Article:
At its worst retail rescues are a scam. Some will foster or kennel dogs out of state until they have a buyer. Then you must pay the non-refundable adoption fee before you can meet the dog.   You see the dog for the first time on the day you pick them up to bring them home.  It is not uncommon for the adopters of these dogs to be stuck with sick and dying dogs.   It had gotten so bad that the state of Connecticut created laws against the practice.

A word on Petfinder. com – We used to find our most recent pup. It is a pretty easy way to search for all the available dogs (and cats) in your area. requires that all parties wishing to use their site go through an application and screening process prior to posting. They must also provide a letter of reference from their primary veterinarian.

Watch Out for Scams

To protect yourself use a reputable dog adoption website like Petfinder has a screening process in place to ensure only reputable rescues can advertise on their site. Then do your homework.  Do extensive research on any rescue you have an interest in before submitting an application. 

Research should include but not be limited to:

  • A general online search for good or bad reviews
  • Ask questions
    • How did the dog end up at the rescue?
    • Where did they come from?
    • Ask for proof of origin.
    • Find out as much as possible about the dogs background as you can.
    • Ask for the medical records and get the vets name so you can verify the information.
  • Check the IRS website to make sure they have a 501(c)(3) charity status – Tax Exempt Organization Search
  • Check to see if there is any feedback on the Rescue Group at these charity watch sites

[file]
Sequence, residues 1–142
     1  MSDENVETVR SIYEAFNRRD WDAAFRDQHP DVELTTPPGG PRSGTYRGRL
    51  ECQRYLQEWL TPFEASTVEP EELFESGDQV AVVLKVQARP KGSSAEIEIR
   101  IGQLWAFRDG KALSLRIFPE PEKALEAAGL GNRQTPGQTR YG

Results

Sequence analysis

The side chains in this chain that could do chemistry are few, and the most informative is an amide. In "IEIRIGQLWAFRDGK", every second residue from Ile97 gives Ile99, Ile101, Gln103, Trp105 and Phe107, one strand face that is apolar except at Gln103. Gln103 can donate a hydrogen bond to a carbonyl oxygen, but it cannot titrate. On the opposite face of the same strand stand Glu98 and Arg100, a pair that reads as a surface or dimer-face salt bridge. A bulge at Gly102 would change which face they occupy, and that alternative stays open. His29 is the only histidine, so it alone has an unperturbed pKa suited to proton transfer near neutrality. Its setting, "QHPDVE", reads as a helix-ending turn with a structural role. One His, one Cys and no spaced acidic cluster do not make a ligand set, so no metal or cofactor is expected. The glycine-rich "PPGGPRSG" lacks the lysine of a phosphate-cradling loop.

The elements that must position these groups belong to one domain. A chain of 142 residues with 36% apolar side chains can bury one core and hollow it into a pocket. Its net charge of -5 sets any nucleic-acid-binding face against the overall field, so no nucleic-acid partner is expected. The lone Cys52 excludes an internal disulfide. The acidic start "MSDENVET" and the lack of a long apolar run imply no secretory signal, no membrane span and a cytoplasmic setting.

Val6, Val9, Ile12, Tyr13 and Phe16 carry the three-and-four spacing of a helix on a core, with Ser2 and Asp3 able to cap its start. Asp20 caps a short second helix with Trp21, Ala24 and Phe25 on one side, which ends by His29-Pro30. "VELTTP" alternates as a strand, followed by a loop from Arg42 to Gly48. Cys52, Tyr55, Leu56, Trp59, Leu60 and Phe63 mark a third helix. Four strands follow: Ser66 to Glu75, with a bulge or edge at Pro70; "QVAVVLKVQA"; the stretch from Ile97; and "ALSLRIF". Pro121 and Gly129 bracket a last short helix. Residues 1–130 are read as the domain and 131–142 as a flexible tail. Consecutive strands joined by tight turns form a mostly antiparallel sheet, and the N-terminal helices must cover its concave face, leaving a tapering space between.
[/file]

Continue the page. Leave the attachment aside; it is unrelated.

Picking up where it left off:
Other related posts you may like:

Additional resources for finding a rescue dog

Judy west

Friday 21st of May 2021

Still lookingfot a dog to adopt from a rescue or a shelter,no luck so far


Thursday 27th of May 2021

Hi Judy,

Keep looking! It took us a long time too.

Best of luck


Joanne Mozingo

Saturday 23rd of January 2021

Dear Bonnie, My husband and I are both retired and would like a medium size female poodle mix. We live in a two bedroom apartment in SW Florida. We have had dogs all our married life, and had to put our fifteen year old doodle down. We are both lonesome for one that could be three or four years of age? We’d like a shelter or rescue dog, not expensive in obtaining. Thank- You for any help you could give us. Been looking for months with no luck😣 Joanne Mozingo [email protected]


Sunday 24th of January 2021

Hi Joanne,

Poodle mixed breeds are still very popular, making them hard to find in a rescue or shelter. You just need to keep an eye on or your local shelters. When I was looking I checked the sites twice a day. Just be careful and do your due diligence. Know who you are dealing with before giving any personal information. You also may want to consider a mini poodle.

Good luck with your search.


Joan Bates

Wednesday 9th of December 2020

Looking for an airdale pup or young dog for my veteran husband who is waiting for hip surgery an needs an campaign. Or a dog that doesn’t shed much


Wednesday 9th of December 2020

Hi Joan, has a breed selector to help you find the type of pup you are looking for. It helped us. We also wanted to low shed dog.

Of course always check to make sure the rescue is legit.

Good luck on finding your new pup.


Rayneen McClelland

Sunday 29th of November 2020

I am a senior, 74, and I would like to adopt a poodle mix. I live in Pacheco, Ca. It’s outside Concord,Ca. I live in a mobile home. Can you tell me where I can go? I’ve looked at animal control. They just have big dogs. Mine has to be small. Thank you. Rayneen McClelland


Sunday 29th of November 2020

Hi Rayneen,

We found our puppy on I found that was the easiest way to see what dogs are up for adoption nearby. You can filter your search by size and age.

Good luck on your search!